Let your children know that you have the ability to see where they go.

If you want to watch your kids, if you want to watch your employees—even if you want to watch your spouse—there is equivalent software that doesn’t hide. It tells you when it’s working. It tells you exactly what it does. If you are sharing this information with your spouse, or your child, or whoever, then they should know about it. They should be fully aware of what you can and cannot see, what you do or do not know, because it’s the part where you don’t have their consent and where you’re tricking them that makes it abusive.

I get those emails from people saying, “Hey I think my spouse is cheating on me. I want to get into their device.” I’m like, “If you think they’re cheating on you, go talk to a divorce lawyer. Tracking them, even without their permission, is probably illegal in almost every jurisdiction around the world. If you don’t trust them enough, you feel the need to install something on their phone without their permission, you’ve got bigger problems. Whether or not you can get something onto their phone without them knowing is not the issue. You’ve got issues outside of that.”

And it’s really terrible. Sometimes, even people who have been abused feel like the only way that they can take back power is to become abusers themselves. That’s simply not true. If you feel that you have to spy on someone, if you feel like you have to do this to somebody, your relationship is already done and what you should do is to walk away.

That’s very much the case. I was just kind of looking through my notes here. You had talked about doing forensic analysis on people’s phones and to see what’s on there. People have often ask me, “Can you look at my phone and tell me?” How much work does it take to actually be able to determine whether there’s something surreptitiously installed on the phone?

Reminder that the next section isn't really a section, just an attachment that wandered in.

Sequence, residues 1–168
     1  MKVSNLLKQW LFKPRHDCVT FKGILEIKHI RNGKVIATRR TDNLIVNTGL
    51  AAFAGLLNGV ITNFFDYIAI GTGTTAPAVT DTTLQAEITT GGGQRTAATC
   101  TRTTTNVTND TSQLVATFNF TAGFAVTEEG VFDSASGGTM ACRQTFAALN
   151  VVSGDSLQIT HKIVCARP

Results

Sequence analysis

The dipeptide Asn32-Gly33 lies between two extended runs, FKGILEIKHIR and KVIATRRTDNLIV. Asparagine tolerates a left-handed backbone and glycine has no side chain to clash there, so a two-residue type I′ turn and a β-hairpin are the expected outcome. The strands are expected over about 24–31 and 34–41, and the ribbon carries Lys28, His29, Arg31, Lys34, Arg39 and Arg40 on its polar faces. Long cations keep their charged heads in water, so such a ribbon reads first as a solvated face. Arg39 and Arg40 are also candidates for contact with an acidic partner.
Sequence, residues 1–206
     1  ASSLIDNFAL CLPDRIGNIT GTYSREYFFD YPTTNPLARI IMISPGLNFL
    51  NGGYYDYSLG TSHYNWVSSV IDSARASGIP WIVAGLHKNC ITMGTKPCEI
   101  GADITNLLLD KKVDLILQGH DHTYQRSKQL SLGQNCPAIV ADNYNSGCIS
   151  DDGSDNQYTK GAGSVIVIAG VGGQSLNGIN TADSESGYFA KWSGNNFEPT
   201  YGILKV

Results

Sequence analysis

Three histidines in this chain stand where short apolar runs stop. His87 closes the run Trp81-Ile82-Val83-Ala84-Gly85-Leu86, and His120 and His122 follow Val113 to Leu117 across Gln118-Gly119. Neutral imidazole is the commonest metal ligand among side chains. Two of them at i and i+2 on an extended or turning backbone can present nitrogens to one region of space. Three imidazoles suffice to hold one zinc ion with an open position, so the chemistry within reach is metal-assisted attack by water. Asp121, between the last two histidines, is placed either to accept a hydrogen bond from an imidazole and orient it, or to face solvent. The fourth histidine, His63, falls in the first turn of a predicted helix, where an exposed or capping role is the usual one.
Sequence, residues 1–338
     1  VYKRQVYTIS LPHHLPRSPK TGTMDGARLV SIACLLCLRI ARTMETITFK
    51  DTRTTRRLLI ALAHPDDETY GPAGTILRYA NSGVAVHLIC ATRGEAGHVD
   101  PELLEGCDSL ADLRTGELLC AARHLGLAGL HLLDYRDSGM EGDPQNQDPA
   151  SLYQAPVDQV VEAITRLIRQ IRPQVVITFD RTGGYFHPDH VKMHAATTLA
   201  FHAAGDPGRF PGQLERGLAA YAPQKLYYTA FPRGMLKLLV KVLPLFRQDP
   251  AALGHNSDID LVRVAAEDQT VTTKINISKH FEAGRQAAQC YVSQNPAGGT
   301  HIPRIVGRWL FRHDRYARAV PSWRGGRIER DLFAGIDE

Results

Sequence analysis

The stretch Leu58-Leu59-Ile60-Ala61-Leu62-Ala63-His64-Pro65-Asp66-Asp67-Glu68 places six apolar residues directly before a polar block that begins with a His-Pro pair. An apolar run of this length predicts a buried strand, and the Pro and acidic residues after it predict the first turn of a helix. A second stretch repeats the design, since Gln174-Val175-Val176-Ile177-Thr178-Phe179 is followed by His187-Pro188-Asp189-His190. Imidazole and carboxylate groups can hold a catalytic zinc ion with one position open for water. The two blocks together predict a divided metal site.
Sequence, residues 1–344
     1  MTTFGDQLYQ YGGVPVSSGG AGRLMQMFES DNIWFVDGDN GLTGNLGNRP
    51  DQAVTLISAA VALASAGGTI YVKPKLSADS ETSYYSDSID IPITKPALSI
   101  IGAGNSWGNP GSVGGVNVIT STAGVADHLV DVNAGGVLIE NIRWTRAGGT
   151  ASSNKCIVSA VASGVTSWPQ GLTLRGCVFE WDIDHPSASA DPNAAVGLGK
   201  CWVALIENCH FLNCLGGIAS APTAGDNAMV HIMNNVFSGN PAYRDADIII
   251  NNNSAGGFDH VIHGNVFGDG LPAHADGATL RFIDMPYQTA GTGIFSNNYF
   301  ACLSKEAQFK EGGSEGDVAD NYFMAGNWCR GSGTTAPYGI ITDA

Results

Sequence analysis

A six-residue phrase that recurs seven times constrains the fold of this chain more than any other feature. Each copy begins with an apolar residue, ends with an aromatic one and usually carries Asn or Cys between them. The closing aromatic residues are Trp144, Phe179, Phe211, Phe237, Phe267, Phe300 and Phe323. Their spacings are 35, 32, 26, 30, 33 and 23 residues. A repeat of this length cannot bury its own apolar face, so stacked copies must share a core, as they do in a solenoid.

A lot. That was one of the reasons why I went to the AV companies because personally taking a look at everybody’s phone by myself is not a scalable solution. It takes a really long time, it takes specialized equipment, it takes specialized knowledge, and even then you won’t necessarily find the thing. This is not a good way of going about it. It’s where I started, but the whole reason I started the Coalition Against Stalkerware was because I have scale.

Is resetting a device to factory settings enough to get around a device compromise?

It depends. For an iPhone, for most forms of compromise, resetting the device to factory settings is sufficient. In fact, for most forms of compromise even just rebooting the phone is sufficient, depending on what sort of things this particular piece of software is taking advantage of. But you also really need to change your Apple ID password and possibly also take a look at your iCloud, maybe disable your iCloud backups. There are a lot of things that you need to do.

For an Android, it is less likely. There are still ways of getting around permissions on Android. One of the reasons for that is because the Android ecosystem does not lock the people who build apps out of root access quite as diligently as Apple does. As a hacker, I love that because you have the freedom to make the device do whatever you want. As a security person, I hate that because you have the freedom to make the device do whatever you want.